Illinois Staats-Zeitung -- February 01, 1863Yesterday's Meeting of German Ladies (Editorial)
In accordance with appeals which appeared in the Illinois Staats-Zeitung yesterday and the day before, a large number of German ladies met in Bryan's Hall, yesterday at 3 o'clock.
Mr. Caspar Butz opened the meeting by reading the appeal and making pertinent remarks. The ladies organized by electing Mrs. Elsie Schneider chairman, and Miss Emilie Brentano secretary.
On recommendation of Mrs. Julie Butz it was decided to give a fair and a ball for the benefit of sick or wounded German Union soldiers.
Thereupon various committees were elected, one of them for the purpose of interviewing Mr. Bryan relative to the free use of Bryan's Hall, another to 2urge ladies to make various handwork for sale at the fair, and another to solicit donations of articles (or cash) for the fair from businessmen.
Next Wednesday another meeting will be held, and the time and place of the fair and the ball will be decided according to the reports of the committees.
We need not impress upon those ladies who were prevented from attending yesterday's meeting that it is very desirable that they, too, participate in this charity which must be dear to the heart of every German woman, and especially that they support the fair by either making or purchasing suitable articles for donation.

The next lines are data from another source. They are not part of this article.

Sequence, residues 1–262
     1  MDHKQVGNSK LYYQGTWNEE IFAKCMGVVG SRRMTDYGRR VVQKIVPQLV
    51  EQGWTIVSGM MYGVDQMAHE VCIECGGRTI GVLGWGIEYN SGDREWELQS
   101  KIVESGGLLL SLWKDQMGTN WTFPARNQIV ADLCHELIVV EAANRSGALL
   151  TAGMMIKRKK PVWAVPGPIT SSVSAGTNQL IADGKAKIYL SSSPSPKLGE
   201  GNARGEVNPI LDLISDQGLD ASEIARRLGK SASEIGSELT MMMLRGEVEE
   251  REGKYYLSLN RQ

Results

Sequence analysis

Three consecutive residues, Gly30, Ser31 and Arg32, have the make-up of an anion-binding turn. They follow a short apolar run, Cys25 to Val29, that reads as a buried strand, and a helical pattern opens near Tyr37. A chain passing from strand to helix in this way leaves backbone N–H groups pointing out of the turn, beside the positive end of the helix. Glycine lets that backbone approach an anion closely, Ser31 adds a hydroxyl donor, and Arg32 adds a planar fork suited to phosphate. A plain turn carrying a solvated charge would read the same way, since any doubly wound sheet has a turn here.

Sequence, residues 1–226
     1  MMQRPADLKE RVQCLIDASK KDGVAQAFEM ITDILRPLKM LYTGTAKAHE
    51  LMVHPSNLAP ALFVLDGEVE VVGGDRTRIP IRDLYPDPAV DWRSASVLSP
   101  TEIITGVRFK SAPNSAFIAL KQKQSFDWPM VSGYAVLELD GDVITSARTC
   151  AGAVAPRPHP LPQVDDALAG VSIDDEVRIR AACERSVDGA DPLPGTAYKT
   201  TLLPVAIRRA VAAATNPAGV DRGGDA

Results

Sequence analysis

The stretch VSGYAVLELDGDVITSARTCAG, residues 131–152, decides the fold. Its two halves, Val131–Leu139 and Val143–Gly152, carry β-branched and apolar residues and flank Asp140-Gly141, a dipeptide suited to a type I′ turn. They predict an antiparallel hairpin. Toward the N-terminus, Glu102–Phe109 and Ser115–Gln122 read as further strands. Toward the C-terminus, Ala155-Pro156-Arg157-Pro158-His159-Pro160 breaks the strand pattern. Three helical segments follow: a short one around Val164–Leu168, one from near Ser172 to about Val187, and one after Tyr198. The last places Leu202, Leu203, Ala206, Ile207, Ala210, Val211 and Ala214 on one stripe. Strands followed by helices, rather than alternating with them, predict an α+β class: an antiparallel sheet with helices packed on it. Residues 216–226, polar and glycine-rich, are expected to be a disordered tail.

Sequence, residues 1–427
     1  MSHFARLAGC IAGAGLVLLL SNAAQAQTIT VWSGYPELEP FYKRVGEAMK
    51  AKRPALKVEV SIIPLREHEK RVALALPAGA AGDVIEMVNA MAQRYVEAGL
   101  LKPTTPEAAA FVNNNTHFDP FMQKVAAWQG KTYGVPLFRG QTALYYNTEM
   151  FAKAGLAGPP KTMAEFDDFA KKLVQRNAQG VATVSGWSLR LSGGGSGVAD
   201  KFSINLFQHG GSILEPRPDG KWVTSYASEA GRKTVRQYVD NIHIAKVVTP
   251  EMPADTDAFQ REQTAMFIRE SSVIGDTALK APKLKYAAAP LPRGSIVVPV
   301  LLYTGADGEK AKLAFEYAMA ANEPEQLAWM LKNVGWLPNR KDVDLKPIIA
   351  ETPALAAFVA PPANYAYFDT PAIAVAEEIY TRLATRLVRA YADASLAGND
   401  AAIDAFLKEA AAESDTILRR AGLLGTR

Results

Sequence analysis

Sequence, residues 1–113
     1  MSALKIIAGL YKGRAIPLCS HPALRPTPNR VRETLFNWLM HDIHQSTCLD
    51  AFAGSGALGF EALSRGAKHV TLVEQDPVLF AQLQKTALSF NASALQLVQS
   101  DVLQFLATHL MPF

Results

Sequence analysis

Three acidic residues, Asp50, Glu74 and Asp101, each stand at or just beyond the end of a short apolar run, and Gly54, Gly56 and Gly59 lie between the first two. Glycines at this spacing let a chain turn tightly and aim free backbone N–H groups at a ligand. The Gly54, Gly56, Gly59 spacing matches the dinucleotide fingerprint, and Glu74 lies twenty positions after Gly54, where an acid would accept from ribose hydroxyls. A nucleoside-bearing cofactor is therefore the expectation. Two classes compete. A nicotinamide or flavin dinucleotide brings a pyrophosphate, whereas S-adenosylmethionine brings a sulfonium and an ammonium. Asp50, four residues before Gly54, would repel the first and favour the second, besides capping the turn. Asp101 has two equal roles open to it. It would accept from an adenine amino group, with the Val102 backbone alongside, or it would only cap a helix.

The German ladies having set such a fine example of loving solicitude, the German men will feel compelled to do their part in this matter. How very insignificant are the sacrifices which are asked of us, when compared with those which our brothers daily make on the battlefield for the preservation of the Union and of liberty!3
We need not explain how necessary it is to support our sick or wounded soldiers. Though medical care and hospitalization for our brave fighters have been improved, there is still much to be done to make adequate the care which these unfortunate men deserve. Then too, it must be remembered that every gift and effort of love makes a good moral impression upon those soldiers who are suffering in camps or hospitals. many a soldier here on furlough has told us that such gifts, such proof of sympathy shown by fellow citizens at home have instilled in disabled fighters new courage and new desire to live, even when they were tortured by the most intense pain; and thus our gifts contribute not a little to their recuperation.
Thus far we have met but very few Germans whose minds have been poisoned by the whispering of traitors. So few will fail to heed the earnest request which our loyal and zealous ladies have made.
II D 10, I G, IV
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